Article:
d. a pump means attached to said top cylinder.
2. A liquid dispenser which may be attached to containers of various sizes as described in claim 1, further comprising a telescoping dip tube which is attached to said pump means and which is inserted into said container through said mouth.
3. A liquid dispenser which may be attached to containers of various sizes as described in claim 1, further comprising a cap located over said pump means and having lugs thereon which are inserted into L-shaped slots within said top cylinder so as to allow said liquid dispenser to be reduced in overall height.
4. A liquid dispenser which may be attached to containers of various sizes as described in claim 2, further comprising a cap located over said pump means and having lugs thereon which are inserted into L-shaped slots within said top cylinder so as to allow said liquid dispenser to be reduced in overall height.
Description
BACKGROUND AND SUMMARY OF THE INVENTION

This invention relates generally to a device for pumping of liquids and is more particularly directed to a pump device which may be attached to containers of varying sizes so as to allow the pumping of, rather than the pouring of, the liquid contents therefrom.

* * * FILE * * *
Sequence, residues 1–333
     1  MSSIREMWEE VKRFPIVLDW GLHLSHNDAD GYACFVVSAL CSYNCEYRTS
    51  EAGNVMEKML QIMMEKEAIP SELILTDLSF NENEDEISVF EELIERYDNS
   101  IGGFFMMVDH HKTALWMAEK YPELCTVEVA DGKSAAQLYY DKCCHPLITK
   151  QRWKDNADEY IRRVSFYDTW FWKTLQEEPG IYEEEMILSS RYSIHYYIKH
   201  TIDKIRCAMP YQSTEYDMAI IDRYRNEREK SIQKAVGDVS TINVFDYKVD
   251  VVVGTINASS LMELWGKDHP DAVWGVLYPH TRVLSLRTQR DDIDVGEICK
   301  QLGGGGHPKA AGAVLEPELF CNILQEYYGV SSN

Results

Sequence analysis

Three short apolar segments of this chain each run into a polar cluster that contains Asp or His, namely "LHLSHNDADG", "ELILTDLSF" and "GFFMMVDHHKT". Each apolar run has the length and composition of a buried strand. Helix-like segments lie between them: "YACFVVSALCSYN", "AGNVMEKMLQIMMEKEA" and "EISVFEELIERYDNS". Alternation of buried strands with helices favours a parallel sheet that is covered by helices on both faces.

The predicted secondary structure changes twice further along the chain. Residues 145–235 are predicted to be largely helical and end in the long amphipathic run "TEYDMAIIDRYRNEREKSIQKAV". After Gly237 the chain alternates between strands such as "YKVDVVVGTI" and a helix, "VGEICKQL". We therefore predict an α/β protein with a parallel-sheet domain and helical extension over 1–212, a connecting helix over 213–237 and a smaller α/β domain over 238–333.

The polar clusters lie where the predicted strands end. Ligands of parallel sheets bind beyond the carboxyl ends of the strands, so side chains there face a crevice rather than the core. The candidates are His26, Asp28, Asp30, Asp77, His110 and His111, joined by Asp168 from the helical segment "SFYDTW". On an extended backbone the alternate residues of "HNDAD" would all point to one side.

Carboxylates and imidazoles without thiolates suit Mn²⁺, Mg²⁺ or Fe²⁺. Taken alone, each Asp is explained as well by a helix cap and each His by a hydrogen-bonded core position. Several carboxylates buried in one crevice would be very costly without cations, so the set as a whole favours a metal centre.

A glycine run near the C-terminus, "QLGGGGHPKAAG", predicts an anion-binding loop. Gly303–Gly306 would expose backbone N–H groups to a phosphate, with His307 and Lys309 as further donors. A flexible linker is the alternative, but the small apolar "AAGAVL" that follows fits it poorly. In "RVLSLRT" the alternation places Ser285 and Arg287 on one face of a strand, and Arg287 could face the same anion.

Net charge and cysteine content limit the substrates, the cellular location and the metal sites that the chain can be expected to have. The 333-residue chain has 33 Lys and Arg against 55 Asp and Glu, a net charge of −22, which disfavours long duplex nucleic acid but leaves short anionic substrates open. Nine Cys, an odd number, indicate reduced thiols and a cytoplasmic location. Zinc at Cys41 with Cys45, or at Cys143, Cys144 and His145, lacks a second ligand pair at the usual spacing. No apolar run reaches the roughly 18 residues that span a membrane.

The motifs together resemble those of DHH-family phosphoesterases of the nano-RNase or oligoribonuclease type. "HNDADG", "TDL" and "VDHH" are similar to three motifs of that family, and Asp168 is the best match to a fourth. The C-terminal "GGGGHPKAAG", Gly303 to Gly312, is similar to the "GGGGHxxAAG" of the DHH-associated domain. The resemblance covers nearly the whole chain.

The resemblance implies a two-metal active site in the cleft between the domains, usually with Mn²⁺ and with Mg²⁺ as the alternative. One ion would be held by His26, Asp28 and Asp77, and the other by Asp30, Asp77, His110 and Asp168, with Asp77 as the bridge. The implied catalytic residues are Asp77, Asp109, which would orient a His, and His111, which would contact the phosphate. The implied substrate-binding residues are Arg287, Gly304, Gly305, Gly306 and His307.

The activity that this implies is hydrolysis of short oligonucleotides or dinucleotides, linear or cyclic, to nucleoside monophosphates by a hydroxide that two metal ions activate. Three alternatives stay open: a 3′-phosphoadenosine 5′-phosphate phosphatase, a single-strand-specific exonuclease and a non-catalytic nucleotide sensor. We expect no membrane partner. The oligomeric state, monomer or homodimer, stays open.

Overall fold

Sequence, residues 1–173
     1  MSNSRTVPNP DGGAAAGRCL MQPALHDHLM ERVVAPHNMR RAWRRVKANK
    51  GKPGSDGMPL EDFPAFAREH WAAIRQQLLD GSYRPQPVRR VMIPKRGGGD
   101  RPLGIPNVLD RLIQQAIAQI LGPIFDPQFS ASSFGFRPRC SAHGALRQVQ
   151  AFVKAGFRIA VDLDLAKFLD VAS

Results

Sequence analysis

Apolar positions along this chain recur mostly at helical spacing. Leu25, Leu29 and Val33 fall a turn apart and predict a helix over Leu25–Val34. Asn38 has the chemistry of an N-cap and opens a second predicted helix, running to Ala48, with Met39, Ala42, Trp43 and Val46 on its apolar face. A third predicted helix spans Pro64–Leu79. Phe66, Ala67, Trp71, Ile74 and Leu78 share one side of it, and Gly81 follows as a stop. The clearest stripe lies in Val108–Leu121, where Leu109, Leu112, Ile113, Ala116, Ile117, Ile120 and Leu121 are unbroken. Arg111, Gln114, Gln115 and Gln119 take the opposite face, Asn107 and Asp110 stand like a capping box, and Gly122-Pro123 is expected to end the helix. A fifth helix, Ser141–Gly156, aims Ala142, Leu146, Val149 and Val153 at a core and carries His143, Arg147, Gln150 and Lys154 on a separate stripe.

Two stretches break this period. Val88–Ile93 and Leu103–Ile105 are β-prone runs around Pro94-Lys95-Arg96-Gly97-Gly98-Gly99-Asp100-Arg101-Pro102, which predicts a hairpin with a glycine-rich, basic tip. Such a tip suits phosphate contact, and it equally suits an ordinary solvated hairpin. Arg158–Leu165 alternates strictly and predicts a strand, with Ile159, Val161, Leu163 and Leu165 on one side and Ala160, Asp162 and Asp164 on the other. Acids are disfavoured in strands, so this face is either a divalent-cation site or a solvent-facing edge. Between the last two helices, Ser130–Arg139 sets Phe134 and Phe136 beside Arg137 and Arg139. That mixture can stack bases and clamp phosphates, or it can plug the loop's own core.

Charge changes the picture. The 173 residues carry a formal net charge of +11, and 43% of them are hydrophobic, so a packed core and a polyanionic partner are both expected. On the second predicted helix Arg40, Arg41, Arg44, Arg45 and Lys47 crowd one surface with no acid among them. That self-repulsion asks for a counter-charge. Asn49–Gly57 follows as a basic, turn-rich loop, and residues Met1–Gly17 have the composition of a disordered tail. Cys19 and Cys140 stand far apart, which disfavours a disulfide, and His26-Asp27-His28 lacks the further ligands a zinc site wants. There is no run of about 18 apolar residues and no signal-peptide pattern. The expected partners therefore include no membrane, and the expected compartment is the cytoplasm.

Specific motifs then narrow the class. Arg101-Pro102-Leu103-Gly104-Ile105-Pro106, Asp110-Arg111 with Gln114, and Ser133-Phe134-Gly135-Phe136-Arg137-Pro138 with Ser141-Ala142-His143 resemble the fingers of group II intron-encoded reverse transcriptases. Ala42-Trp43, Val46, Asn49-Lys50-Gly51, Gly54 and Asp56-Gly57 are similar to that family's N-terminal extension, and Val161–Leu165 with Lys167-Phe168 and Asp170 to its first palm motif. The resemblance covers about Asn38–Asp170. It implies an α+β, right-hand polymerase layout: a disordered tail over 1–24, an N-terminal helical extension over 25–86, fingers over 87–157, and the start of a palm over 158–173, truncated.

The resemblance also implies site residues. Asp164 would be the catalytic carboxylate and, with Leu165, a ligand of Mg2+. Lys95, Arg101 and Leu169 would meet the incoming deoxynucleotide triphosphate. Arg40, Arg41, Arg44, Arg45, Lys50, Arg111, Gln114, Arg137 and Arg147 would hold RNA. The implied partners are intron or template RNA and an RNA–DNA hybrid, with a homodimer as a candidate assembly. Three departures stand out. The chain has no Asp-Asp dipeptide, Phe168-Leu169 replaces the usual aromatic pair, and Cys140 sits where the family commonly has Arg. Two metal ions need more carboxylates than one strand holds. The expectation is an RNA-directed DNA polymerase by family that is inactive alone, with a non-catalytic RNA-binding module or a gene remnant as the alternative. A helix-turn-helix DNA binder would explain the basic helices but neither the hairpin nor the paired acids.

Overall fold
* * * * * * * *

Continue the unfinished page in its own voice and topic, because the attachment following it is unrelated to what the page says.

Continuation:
The background and utility of the present invention relates to a pump which may be attached to containers, including common beverage containers, so that the contents may be emptied from the container by manually pumping, rather than pouring, the contents from the container.

The pump device is designed so as to attach to milk containers, soft drink containers, and the like, of common size, so as to pump the contents from the container by manual means. The pump device disclosed herein is designed so as to be adaptable to various container sizes.

While it is contemplated that the device will commonly be used in conjunction with dispensing beverages, the device may also be used to empty many types of liquids from containers, including petroleum materials, liquid cleaning materials and the like. While it is further contemplated that the device commonly will be used with manual pump means, the pump means could also be powered by any commonly known means.